Income 

The IRS limits how much income counts toward calculating our contributions as a percent of our income. For example, the IRS limits the amount of compensation eligible for 401(k) contributions to $290,000 in 2021. The income limit doesn't exclude anyone who makes more than $290,000 in a given year. Instead, every dollar beyond $290,000 is not eligible for contribution.

Vesting

Many employers will match our 401(k) contributions, but that doesn't mean that we own that money right away. Sometimes we have to work at the company for a certain period before it's entirely ours. We call this vesting. A vesting schedule is a timetable to receive the money that an employer added to our 401(k). The vesting schedule is to reward employees who stay at the company. 

Vesting schedules can span across multiple years

Companies often create vesting schedules with a cliff or graded structure. A cliff means we don't own any of our employer's contributions until after a certain period, but we'll own all of it afterward. In a graded vesting schedule, we own parts of the contributions over time.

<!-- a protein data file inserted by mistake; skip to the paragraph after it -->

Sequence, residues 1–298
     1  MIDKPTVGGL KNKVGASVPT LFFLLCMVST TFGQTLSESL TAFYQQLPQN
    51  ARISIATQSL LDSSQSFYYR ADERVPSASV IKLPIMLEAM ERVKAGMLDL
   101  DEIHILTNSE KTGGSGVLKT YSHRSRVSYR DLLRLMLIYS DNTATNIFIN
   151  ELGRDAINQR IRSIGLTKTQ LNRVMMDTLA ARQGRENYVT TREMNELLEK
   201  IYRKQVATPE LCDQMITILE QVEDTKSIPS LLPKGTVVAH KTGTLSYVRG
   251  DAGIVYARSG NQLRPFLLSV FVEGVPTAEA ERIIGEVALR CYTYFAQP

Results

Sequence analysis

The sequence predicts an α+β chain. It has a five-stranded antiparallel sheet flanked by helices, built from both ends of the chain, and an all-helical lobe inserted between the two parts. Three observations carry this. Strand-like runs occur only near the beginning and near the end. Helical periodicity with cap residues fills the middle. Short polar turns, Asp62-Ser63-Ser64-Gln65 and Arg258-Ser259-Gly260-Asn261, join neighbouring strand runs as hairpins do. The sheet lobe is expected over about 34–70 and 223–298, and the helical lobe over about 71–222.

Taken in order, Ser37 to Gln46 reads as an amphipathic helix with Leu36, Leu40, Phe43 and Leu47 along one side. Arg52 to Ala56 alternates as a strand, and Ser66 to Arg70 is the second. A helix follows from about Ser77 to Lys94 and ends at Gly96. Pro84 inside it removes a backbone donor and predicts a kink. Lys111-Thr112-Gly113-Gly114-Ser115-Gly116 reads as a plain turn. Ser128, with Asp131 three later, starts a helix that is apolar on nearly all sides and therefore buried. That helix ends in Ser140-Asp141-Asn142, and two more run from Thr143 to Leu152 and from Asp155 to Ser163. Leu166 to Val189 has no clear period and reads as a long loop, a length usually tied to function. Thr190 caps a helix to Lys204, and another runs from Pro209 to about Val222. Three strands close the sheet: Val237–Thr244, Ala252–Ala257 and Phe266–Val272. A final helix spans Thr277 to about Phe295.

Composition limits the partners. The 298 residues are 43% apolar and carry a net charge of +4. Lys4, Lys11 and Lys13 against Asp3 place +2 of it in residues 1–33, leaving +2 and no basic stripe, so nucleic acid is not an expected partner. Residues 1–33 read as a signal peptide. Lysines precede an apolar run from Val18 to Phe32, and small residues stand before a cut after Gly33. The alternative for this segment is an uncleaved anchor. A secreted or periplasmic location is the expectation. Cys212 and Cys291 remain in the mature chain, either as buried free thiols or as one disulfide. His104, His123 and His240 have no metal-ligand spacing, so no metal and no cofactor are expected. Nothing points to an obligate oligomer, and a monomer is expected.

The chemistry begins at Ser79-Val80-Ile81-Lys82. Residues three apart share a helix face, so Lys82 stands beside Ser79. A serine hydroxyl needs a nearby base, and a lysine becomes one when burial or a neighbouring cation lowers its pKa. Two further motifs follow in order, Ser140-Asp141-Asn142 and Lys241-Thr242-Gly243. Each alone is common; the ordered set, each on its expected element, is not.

Vesting examples

The table shows a 3-year cliff vesting schedule and a 6-year graded vesting schedule. A 3-year cliff vesting means we don't own any of our employer's additions to our 401(k) until after 3 years. After that period, all of the contributions become ours. A 6-year graded schedule means we own 20% after 2 years, 40% after 3 years, 60% after 4 years, 80% after 5 years, and 100% after 6 years.

Not all companies require vesting, and some offer employee-friendly schedules. Since vesting applies only to the money contributed by our employer, we always own 100% of our pre-tax contributions.

 
 

Plan elections

Whenever we start a new job that provides a 401(k) plan, we need to make several decisions. If we are existing employees, we can reconfirm our choices at any point.

We aren't required to contribute to a 401(k)

Opt-in or opt-out